Immigration Refusals & Appeals

Dealing with immigration refusals head on

After months of hard work and sometimes years of waiting patiently for an application to be finalized, nothing could be more heartbreaking than to receive a refusal. Suddenly, all of one’s hopes and dreams of coming to Canada or of being reunited with a loved one seem to be dissolve before one’s very own eyes. But despite the initial shock of a negative decision, there are number of legal options that an experienced immigration practitioner can pursue to turn a refusal into a positive decision. The key is to act fast.

Not every case has the merits of being appealed

Sometimes a refusal does not warrant an appeal. Instead, in certain cases it is advisable to simply reapply again under the same program. For example, an applicant under a Skilled Worker application who scored very little on an English proficiency exam, resulting in a final assessment well below the required 67 points would not make a good case for filing a Judicial Review to Federal Court, as it cannot be said that the visa officer erred in fact or in law. On the other hand, an applicant whose final score was 66 points might have a strong case, arguing that the visa officer failed to properly consider using their discretion to award the missing point. If a visa officer makes an outright mistake in fact, policy or law, fetters their discretion or behaves unreasonably during a personal interview, an appeal may be advisable.

Appeal avenues:

Presently, there are two legal avenues to pursue an appeal: The Immigration Appeal Division (IAD) and the Federal Court of Canada.

Immigration Appeal Division

Canadian immigration law allows certain types of applications to be appealed at the IAD. These include Canadian sponsors whose applications to bring family members to Canada have been refused, appeals of removal orders made against permanent residents, refugees and protected persons, and appeals from permanent residents outside of Canada who have been found not to have met their residency obligations.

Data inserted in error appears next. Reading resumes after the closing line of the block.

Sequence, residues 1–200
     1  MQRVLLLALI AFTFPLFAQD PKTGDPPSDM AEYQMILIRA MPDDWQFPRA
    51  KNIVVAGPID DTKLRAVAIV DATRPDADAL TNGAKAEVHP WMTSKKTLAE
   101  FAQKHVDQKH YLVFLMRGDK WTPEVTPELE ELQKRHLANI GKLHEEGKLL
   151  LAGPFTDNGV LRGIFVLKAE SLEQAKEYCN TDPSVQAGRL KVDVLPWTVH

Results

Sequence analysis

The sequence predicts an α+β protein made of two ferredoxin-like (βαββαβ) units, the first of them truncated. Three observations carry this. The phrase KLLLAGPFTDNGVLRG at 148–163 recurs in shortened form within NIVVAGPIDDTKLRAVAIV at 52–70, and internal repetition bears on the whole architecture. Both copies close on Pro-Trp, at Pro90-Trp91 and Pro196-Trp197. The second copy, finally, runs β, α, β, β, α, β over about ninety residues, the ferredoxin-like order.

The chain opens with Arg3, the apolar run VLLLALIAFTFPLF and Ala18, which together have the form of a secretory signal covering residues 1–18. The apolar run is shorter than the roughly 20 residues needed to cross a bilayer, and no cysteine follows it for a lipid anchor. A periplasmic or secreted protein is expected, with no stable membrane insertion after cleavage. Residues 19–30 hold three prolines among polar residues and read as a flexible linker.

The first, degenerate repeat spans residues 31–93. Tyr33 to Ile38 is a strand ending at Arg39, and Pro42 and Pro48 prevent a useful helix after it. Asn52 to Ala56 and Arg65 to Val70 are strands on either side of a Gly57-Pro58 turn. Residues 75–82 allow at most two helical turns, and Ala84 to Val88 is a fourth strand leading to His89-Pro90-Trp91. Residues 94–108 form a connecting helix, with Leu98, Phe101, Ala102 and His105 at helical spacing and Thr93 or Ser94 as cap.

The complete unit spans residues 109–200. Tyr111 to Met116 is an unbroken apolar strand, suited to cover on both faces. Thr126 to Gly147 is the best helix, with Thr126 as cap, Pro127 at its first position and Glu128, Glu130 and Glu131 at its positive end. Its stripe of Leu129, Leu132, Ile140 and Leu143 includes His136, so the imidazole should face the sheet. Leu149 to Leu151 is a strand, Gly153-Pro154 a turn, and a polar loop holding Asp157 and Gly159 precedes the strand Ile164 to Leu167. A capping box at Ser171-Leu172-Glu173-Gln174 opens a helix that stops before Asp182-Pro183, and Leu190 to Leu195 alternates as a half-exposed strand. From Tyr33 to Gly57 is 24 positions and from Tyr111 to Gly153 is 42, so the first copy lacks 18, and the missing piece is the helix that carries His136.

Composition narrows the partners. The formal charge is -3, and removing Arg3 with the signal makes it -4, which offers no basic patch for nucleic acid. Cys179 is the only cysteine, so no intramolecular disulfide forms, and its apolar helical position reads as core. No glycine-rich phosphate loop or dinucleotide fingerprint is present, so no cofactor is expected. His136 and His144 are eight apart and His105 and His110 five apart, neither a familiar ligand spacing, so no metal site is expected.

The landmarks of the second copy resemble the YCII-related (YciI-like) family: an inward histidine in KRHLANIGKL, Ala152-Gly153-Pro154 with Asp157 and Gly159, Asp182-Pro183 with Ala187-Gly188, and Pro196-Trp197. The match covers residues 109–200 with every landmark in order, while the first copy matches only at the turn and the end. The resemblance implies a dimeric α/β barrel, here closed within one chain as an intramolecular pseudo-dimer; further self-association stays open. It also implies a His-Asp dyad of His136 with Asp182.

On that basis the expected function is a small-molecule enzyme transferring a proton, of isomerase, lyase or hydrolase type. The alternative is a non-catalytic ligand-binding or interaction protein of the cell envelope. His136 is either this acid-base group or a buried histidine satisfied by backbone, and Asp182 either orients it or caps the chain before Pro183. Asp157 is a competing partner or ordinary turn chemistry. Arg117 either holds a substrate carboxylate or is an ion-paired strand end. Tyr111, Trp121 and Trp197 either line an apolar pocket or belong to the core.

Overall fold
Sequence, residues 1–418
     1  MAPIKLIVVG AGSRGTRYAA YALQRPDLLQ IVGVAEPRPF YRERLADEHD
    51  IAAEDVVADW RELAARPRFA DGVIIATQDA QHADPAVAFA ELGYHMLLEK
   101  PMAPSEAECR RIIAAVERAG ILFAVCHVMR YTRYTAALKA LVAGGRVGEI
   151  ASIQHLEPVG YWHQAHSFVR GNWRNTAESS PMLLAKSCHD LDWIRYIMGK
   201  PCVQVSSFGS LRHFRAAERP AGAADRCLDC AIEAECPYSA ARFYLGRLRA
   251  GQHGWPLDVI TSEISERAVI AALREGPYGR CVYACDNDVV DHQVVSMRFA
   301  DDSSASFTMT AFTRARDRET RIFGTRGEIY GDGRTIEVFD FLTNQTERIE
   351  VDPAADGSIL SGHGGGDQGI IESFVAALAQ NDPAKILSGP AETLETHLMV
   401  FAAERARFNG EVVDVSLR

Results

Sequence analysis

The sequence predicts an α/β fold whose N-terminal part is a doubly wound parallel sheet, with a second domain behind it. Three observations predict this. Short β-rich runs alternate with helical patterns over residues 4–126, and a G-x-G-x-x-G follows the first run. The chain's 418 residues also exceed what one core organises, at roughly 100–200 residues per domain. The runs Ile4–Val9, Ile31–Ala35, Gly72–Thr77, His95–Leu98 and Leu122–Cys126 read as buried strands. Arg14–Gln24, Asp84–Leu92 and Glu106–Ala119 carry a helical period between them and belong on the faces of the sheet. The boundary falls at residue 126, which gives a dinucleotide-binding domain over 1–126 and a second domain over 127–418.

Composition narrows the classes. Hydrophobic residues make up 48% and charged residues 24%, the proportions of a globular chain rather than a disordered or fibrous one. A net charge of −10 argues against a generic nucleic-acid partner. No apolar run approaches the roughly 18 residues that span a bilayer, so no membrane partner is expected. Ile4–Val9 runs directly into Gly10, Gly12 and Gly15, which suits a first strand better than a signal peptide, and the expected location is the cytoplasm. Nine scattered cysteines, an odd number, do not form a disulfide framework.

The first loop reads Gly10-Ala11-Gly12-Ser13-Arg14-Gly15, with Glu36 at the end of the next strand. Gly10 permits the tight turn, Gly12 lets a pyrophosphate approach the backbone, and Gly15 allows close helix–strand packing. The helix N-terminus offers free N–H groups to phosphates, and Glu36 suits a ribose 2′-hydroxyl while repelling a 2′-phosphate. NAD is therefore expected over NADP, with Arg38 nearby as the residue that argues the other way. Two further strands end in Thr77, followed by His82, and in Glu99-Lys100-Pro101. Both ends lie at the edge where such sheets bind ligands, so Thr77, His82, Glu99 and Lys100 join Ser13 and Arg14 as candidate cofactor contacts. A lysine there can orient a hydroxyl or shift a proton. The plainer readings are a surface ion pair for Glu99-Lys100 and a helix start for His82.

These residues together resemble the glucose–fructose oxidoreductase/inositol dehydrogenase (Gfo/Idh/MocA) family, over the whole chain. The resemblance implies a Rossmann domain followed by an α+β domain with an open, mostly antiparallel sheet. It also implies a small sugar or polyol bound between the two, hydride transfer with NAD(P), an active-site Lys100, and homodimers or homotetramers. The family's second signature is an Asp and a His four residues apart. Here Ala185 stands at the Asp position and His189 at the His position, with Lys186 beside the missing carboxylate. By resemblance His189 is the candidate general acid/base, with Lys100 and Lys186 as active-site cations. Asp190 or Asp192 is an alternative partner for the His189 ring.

Federal Court of Canada

When there is no statutory right of appeal, applications that have been refused (such as Skilled Worker applications) can be reviewed at the Federal Court level through an application for Judicial Review. Unfavorable decisions by the IAD can also be submitted to Federal Court for a Judicial Review.


It is important to note that the IAD and Federal Court operate on very different set of rules, each with their own filing deadlines and procedures. Generally, IAD appeals must be filed within thirty or sixty days, depending on the matter, and Federal Court appeals must be filed within fifteen or sixty days after the applicant receives a refusal.

For this reason, if you receive a refusal on any immigration application, we suggest you immediately contact one of our experienced lawyers to be advised on the following issues:

  • Does the refusal merit the costs and expenses of an appeal or is re-submitting a better strategy? In other words, is it essential to file an appeal? In many cases the answer is yes!
  • What is the right institution to fight the refusal?
  • What is the deadline to file an appeal or judicial review?
  • What are the procedural steps to follow?
  • What is the timeline of the appeal process?
  • What happens after an appeal is won?

Remember, waiting to contact an immigration practitioner after receiving a refusal can be a costly mistake in light of the strict filing deadlines. If you have an application that has been refused or have been ordered to leave Canada, always keep in mind that in most cases legal options exist that can resolve your immigration matters, no matter how daunting they may seem.